|Hicksville, New York|
|Hamlet and census-designated place|
|o Total||6.8 sq mi (17.7 km2)|
|o Land||6.8 sq mi (17.6 km2)|
|o Water||0.0 sq mi (0.0 km2)|
|Elevation||148 ft (45 m)|
|o Density||6,114/sq mi (2,360.6/km2)|
|Time zone||UTC-5 (Eastern (EST))|
|o Summer (DST)||UTC-4 (EDT)|
|GNIS feature ID||0952707|
Hicksville is a hamlet and census-designated place (CDP) within the town of Oyster Bay in Nassau County, New York, United States, on Long Island. The population of the CDP was 41,547 at the 2010 census.
Valentine Hicks, son-in-law of abolitionist and Quaker preacher Elias Hicks, and eventual president of the Long Island Rail Road, bought land in the village in 1834 and turned it into a station stop on the LIRR in 1837. The station became a depot for produce, particularly cucumbers for a Heinz Company plant. After a blight destroyed the cucumber crops, the farmers grew potatoes. It turned into a bustling New York City suburb in the building boom following World War II.
The Rubber Company of America (RUCO) built a manufacturing site in 1945. RUCO Polymer Corp. (Hooker Chemical Company) manufactured plastics, latex, and esters. Occidental Chemical Corporation (OCC) owned and operated this site from 1966 to 1982. The site was purchased by Sybron Corporation, then in 2000, the Bayer Corporation (Bayer MaterialScience) purchased the Hooker Ruco facility and in 2002 decided to close the facility. The site was used for the production of polyester from 1982 until 2002.
Hicksville is located at (40.763355, -73.523231).
According to the United States Census Bureau, the CDP has a total area of 6.8 square miles (18 km2), of which, 6.8 square miles (18 km2) of it is land and 0.15% is water.
As of the census of 2010, there were 41,547 people, 13,412 households, and 10,588 families residing in the CDP. The population density was 6,109.9 per square mile (2,360.6/km²). There were 13,761 housing units at an average density of 2,023.7/sq mi (781.9/km²). The racial makeup of the CDP was 70.3% White, 61.6% Non Hispanic White, 2.2% African American, 0.3% Native American, 19.7% Asian, 4.8% from other races, and 2.7% from two or more races. Hispanic or Latino of any race were 14.5% of the population.
There were 13,412 households, of which 35.7% had children under the age of 18 living with them. 63.1% were married couples living together, 10.8% had a female householder with no husband present, and 21.3% were non-families. 34.0% of all households were made up of individuals and 8.8% had someone living alone who was 65 years of age or older. The average household size was 3.09 and the average family size was 3.47.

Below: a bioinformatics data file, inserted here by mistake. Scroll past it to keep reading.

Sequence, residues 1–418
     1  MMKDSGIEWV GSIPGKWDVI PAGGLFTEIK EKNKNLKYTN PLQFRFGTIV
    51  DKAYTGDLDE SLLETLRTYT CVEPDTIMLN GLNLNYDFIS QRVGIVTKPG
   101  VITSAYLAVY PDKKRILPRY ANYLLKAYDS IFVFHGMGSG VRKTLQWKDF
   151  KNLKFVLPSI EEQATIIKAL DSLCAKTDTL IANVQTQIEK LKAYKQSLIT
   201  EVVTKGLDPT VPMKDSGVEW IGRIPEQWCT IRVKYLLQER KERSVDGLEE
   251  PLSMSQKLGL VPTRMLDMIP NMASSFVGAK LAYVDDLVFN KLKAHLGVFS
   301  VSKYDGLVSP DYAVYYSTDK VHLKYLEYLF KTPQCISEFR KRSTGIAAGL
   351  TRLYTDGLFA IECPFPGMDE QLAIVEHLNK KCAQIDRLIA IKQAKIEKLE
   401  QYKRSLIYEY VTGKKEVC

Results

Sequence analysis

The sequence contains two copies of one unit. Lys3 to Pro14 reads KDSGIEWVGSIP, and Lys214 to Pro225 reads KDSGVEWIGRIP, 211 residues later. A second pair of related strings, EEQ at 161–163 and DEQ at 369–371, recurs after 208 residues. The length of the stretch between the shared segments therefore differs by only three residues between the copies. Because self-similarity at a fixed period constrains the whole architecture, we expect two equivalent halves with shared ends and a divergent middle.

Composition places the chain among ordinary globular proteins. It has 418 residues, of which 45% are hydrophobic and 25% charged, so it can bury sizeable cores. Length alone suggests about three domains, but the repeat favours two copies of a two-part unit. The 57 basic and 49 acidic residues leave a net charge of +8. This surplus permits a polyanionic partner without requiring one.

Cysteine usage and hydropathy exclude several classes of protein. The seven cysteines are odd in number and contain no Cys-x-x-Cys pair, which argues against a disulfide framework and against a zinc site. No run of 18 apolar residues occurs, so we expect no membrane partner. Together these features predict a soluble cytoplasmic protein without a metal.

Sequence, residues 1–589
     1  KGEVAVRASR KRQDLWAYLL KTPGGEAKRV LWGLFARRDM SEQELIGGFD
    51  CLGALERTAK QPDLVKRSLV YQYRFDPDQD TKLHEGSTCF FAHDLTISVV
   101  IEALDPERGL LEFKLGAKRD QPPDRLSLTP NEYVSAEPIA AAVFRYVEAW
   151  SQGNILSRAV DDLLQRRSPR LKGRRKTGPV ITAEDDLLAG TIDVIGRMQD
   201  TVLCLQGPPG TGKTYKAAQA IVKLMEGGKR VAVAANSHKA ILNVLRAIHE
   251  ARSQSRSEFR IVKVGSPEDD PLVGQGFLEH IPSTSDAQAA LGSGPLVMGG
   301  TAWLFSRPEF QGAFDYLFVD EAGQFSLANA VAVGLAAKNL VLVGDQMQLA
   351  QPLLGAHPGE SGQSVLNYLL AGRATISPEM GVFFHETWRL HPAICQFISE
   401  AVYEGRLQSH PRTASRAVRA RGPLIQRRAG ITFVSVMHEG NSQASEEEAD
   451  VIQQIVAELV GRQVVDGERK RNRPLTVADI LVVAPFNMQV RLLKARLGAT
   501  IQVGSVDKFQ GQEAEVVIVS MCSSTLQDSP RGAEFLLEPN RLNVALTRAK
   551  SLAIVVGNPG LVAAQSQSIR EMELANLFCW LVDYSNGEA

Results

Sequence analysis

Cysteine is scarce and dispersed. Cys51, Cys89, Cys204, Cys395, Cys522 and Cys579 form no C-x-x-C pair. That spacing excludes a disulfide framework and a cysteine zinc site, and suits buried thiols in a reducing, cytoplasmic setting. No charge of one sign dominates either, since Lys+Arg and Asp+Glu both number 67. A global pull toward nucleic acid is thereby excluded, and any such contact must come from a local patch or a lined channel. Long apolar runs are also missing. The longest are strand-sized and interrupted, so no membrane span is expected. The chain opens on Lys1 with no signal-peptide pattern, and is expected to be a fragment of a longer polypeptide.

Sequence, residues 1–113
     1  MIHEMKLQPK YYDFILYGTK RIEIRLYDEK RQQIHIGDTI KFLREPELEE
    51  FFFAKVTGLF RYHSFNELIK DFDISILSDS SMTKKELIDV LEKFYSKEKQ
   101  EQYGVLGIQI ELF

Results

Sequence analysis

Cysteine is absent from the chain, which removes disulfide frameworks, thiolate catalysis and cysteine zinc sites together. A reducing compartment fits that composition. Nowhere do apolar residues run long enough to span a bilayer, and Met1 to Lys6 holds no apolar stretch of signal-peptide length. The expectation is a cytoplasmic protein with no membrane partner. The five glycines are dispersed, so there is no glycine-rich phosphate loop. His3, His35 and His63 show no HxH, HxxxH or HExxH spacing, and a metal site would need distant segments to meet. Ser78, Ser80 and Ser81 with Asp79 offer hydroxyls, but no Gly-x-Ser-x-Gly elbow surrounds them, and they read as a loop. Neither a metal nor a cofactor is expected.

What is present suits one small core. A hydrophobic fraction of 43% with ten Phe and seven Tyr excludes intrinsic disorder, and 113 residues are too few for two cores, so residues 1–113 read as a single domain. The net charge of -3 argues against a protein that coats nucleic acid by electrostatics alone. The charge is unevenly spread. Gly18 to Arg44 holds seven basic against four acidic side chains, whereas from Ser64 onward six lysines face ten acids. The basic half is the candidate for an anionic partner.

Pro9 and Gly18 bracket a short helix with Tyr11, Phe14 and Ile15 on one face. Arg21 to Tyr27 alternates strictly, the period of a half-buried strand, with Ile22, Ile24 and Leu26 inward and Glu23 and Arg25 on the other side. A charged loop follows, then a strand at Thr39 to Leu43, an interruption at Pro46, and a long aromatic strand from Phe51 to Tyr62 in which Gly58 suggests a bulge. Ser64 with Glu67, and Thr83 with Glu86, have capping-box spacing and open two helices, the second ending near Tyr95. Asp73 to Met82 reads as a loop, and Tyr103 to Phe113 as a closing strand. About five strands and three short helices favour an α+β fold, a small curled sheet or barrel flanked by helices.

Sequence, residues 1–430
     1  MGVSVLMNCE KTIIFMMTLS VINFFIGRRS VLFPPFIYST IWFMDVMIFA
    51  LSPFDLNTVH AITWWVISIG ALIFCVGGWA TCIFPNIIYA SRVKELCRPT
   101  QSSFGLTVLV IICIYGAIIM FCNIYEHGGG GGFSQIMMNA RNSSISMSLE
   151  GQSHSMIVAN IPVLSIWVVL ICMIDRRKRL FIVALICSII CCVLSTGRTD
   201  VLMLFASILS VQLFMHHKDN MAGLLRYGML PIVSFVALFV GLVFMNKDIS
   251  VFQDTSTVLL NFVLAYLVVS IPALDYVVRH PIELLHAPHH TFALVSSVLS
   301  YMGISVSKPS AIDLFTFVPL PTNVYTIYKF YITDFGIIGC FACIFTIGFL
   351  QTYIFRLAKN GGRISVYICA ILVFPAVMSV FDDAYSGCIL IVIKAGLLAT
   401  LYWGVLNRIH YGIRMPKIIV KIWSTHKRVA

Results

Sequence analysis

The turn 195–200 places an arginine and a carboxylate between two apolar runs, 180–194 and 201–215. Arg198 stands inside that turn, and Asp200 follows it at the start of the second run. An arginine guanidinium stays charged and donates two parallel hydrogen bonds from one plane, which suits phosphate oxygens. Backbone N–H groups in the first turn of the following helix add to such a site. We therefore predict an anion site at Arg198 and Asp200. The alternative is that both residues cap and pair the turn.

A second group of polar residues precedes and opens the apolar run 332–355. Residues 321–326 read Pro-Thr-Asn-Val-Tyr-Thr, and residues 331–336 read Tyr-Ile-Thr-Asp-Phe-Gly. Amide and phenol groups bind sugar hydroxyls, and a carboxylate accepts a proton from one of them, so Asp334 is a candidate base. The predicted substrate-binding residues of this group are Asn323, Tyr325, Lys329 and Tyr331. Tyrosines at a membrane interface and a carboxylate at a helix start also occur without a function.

In the CDP, the population was spread out with 21.1% under the age of 18, 8.6% from 18 to 24, 25.3% from 25 to 44, 29.9% from 45 to 64, and 15.1% who were 65 years of age or older. The median age was 41.4 years.
The median income for a household in the CDP was $89,231, and the median income for a family was $99,980. Males had a median income of $52,112 versus $46,278 for females. The per capita income for the CDP was $50,283. About 2.4% of families and 3.7% of the population were below the poverty line, including 3.9% of those under age 18 and 4.3% of those age 65 or over.
Per the census of 2000, there were 41,261 people, 13,710 households, and 10,844 families residing in the CDP. The population density was 6,057.2 per square mile (2,339.3/km²). There were 13,912 housing units at an average density of 2,042.4/sq mi (788.8/km²). The racial makeup of the CDP was 84.56% White, 1.36% African American, 0.11% Native American, 9.04% Asian, 0.03% Pacific Islander, 3.05% from other races, and 1.84% from two or more races. Hispanic or Latino of any race were 9.26% of the population.
The median income for a household in the CDP was $82,231, and the median income for a family was $94,910. Males had a median income of $52,112 versus $46,278 for females. The per capita income for the CDP was $50,283. About 2.4% of families and 3.7% of the population were below the poverty line, including 3.9% of those under age 18 and 4.3% of those age 65 or over.
Hicksville is a major hub on the Long Island Rail Road, where the Ronkonkoma Branch meets with the Port Jefferson Branch to form the Main Line. The area is also a hub for the following routes operated by Nassau Inter-County Express:
The area is served by the Hicksville Public Library, the Hicksville Post Office and the Hicksville School District. Hicksville School District encompasses Burns Avenue School, Dutch Lane School, East Street School, Fork Lane School, Lee Avenue School, Old Country Road School, Woodland School, Hicksville Middle School, and Hicksville High School.
Hicksville's fire protection is provided by the Hicksville Fire Department. Hicksville's police protection comes from Nassau County Police 2nd and 8th precincts, as well as the MTA Police and Nassau County Auxiliary Police.